We reached the platform and I saw chunks of either dirt or dog shit smeared all over it, so I had to cancel the platform fun and told them that we needed to walk back home for lunch.

At this point, I was totally fed up with myself. I was at war with myself. Half of me was like, dude, let this shit go. Let them explore and learn and live a little. I mean, my parents were very hands-off when it came to many things with me. From a pretty young age, I was left to play by myself or unsupervised with my friends or my half-siblings if they were around. I remember roaming pretty free in some woods surrounding a lake we spent weekends at every summer, or areas around my or my friends' houses. We all lived. We didn't sustain any major injuries. It was okay to wave at friendly people.

I could hear my dad's voice telling me to relax and let them be kids.

And the other half of me was like, no, fuck all that, I'm not going to deal with slivers and the hell that comes with trying to extract them, or dog shit, or major injuries, or my kids falling into a dirty, drug-paraphernalia-riddled creek, or what-the-hell-ever. My job as a mother is to protect them. These were all totally reasonable fears and cautionary actions on my part.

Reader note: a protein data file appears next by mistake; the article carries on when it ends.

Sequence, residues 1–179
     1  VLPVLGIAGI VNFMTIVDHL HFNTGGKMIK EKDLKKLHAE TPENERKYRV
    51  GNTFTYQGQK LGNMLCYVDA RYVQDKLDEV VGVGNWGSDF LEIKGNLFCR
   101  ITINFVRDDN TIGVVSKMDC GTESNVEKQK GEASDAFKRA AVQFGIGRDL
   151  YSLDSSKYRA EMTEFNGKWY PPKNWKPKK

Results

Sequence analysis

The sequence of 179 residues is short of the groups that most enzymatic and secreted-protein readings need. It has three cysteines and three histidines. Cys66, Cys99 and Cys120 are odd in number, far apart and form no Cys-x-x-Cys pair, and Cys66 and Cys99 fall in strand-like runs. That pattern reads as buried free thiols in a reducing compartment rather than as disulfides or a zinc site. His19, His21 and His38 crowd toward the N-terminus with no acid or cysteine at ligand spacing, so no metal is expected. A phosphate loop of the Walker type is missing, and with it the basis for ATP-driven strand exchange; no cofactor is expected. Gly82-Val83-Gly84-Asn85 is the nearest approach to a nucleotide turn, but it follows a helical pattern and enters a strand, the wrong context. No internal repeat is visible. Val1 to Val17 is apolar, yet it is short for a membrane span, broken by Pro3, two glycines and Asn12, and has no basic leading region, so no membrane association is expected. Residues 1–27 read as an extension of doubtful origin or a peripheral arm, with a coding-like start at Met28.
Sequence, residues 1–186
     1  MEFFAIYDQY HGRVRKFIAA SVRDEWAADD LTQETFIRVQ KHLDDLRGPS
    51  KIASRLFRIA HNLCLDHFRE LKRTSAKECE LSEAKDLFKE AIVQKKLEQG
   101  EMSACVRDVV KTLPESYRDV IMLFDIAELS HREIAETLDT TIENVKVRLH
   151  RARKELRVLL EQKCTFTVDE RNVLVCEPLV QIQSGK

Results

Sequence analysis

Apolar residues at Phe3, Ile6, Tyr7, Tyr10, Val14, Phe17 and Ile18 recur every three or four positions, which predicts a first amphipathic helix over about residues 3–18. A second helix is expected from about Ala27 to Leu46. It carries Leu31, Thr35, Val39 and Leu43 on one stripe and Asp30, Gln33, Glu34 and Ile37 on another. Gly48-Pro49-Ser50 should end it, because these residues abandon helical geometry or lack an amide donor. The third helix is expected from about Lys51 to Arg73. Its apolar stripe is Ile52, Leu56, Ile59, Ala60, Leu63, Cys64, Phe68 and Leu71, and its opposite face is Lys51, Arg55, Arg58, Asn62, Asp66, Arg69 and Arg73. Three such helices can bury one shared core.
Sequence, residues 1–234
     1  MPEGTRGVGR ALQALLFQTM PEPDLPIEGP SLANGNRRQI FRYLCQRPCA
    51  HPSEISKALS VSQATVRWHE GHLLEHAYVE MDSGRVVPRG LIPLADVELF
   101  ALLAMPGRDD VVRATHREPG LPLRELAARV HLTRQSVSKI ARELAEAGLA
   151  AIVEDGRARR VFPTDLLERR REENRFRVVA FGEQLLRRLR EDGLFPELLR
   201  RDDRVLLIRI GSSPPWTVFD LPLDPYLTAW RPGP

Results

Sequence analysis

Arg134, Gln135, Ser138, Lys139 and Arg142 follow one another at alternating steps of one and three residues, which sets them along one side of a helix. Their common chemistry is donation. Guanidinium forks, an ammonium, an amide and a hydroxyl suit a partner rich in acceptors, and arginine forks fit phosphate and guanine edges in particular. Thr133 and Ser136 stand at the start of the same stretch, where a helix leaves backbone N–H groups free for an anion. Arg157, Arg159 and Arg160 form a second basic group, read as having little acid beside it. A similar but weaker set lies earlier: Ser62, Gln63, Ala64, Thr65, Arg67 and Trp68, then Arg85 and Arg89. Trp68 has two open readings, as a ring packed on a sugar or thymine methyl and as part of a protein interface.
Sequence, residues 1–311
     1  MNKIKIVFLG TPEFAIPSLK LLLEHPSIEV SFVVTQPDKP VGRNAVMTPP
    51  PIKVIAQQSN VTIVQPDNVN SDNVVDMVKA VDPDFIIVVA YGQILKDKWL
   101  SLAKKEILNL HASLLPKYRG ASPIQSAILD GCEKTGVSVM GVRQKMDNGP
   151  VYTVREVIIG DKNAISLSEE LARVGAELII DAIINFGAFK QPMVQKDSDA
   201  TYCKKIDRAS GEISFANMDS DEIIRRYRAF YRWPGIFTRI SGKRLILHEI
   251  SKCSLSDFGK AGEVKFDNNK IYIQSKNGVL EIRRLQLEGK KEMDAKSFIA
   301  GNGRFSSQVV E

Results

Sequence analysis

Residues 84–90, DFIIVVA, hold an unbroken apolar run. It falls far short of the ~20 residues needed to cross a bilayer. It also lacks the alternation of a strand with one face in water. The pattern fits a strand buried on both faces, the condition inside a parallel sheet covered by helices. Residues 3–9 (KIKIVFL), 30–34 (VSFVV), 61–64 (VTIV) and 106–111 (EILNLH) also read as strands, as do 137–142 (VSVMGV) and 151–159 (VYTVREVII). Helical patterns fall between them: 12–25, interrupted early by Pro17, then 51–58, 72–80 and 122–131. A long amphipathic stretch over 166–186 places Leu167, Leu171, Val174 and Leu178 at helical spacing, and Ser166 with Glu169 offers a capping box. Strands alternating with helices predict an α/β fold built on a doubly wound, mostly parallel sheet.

And then I swung back to the other half and was thinking, but the only way I figured out how to pinpoint danger and learned about this stuff was by experiencing it myself. I mean, you only step on those sticker plants ONCE, and then you forever remember what they look like and to stay the hell away from them. You only experience the fear and pain of slipping and sliding down a slope ONCE before you learn to stay back and feel out the ground before firmly placing your weight on your forward foot.

And a million other things that you can only learn by experiencing. Or, by watching someone right next to you experience.

So as we walked back, war raging inside of me, I vowed that I will try to step back a bit, here and there, and let them learn what I've learned by letting them learn it how I learned it - through experience. But they're still pretty young and still need Mama's eye on them, so maybe I'll be better about it in a few years. 

To make up for all the fun I killed, once we reached our extremely low-traffic part of the street, I showed them how to float leaves with bark on them (boats with guys, people!) in rain puddles. 

No, I didn't color coordinate their outfits. 

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  1. I'm guilty of being a bit of a helicopter aka killjoy mama too.

    It's easy to compare what we did as children (safely and no harm came to us) and what we are restricted by now. I SO wish it was okay to let my kid play in our front freaking yard alone, or to tell my teenaged stepkid to "just come home when the street lights come on"

    It's hard to strike that balance between protection and overprotection. Good luck (I'll need some of that too).

  2. That's rad. Anna nicknamed me the "Fun Killer" once when she was pissed, and it stuck. Could be a worse nickname, but for now I'll take it :)

    1. Yeah I'm sure it'll change to something worse as she gets older! ;-)

  3. I completely understand the war between fun vs. safety. I mean, can't we all just get along?